Editors' note (August 29, 2016): Fitbit has announced the Charge 2, a new tracker with a larger OLED display and swappable bands. The new model will replace the Charge HR reviewed here.
I was a little bit wrong about the Fitbit Charge HR.
While I liked it when it first debuted, I thought it could do better. The Charge HR is Fitbit's step-counting band, plus a round-the-clock heart-rate tracker. It tracks sleep at night, exercise during the day, and active heart-rate levels when resting or working out, and it syncs with nearly every major smartphone and computer on the planet.
I expected more out of the Fitbit Charge HR's heart rate measuring, and how it translated that data into useful coaching. I wanted more app features, too. And I thought the band itself, a basic black device that doubled as a watch with its little LED display, could have been better designed.
Most of a year has passed, and the fitness-wearable landscape hasn't been able to beat what the Fitbit Charge HR does. No heart-rate band costs this little, feels this small, and connects to as good an app. Fitbit folds nutrition-tracking, sleep-tracking, heart rate-tracking, and social challenges with friends into one pretty clean phone experience -- and syncing is fast and easy.
The Charge HR fits well and has impressive battery life for its size: over four days, beating most continuous heart rate-tracking bands. And its little LED display-slash-clock is basic, but it's easy to lift your arm and see the time, or tap the display to see steps and other data.
New software and firmware updates have improved syncing and tracking, adding automatic sleep and activity-session tracking awareness and making tweaks to how it measures heart rate. It's smoother and better than when I first reviewed it. And it now feels like a truly automatic band.
It's the all-in-one fitness band I'd buy, especially for its low price ($150 in the US; in the UK, £120; or AU$180 in Australia) -- and it can be had even lower if you catch it on sale, which we've seen frequently. It's not perfect, but few wearable gadgets are -- and none of the other watches and bands have been able to beat it at its own fitness game.
Editors' note: This review was originally published on January 29, 2015, and updated significantly on November 24, 2015. The rating has been raised from 7.8 to 8.0.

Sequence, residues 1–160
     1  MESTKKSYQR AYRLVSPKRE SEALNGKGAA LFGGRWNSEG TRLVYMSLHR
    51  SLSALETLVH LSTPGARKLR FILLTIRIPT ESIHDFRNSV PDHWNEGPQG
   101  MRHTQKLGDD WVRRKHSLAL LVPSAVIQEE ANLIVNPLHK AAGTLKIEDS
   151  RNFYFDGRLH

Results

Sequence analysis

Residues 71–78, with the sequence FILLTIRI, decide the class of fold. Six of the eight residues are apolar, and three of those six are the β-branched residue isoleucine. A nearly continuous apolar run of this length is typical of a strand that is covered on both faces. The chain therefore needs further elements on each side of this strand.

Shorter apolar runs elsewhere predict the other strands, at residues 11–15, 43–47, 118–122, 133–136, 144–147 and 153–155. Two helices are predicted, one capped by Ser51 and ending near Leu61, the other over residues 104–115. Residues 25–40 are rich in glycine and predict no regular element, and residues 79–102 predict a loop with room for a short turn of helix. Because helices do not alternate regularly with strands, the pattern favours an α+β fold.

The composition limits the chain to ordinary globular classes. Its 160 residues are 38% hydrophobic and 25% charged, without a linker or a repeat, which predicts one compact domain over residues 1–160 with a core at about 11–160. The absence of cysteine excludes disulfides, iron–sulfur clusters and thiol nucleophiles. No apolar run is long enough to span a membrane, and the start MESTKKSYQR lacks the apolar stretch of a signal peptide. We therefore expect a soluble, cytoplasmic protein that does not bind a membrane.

Design: Basic, but it works
The Charge HR looks nearly identical to the older Fitbit Charge, and the discontinuedbefore it. It has an innocuous rubberized wraparound band, with a narrow black LED display that tells time, steps, and other data. That LED display isn't always lit, but you can set the Charge HR to show the time when you raise your wrist, or show time and fitness data by tapping the screen. It's a functional but unattractive everyday watch.
The band attaches with a standard watch buckle-type clasp, making it more secure and less likely to pop off. It fits snugly, but sometimes feels uncomfortable on my wrist: an optical heart-rate monitor with green LEDs bulges out of the bottom, pressing against the skin a bit when the Charge HR's properly secured.
Fitbit recommends wearing the Charge HR a finger's length above the wristbone on your arm for ideal heart-rate readings, which is farther up my own arm than I prefer to wear things. But I found it generally worked no matter where I wore it.
The Charge HR comes in several muted colors; my review unit was black. It comes in several sizes, too, although each can be adjusted significantly.
The Charge HR comes with its own proprietary USB dongle for charging, plugging straight into the bottom. Don't lose it.
Heart rate: All day on your wrist
Once attached, the Charge HR immediately flashes its green LEDs to gather heart-rate data. It does it all the time. That, plus a built-in accelerometer and barometer gather data on steps, heart rate, elevation (steps climbed) and intensity of exercise (walking or running).
It works automatically, from the moment it goes on your wrist. The Fitbit Charge HR found my heart rate quickly and held onto the reading, so I could access it quickly by pressing the side button or tapping the display, cycling through to heart-rate mode. Like many other on-wrist heart rate readers, they're more accurate when resting. The reading fluctuated during active exercise. That's true of Apple Watch, the Microsoft Band and many others; it comes with the territory. The Charge HR feels as good as those.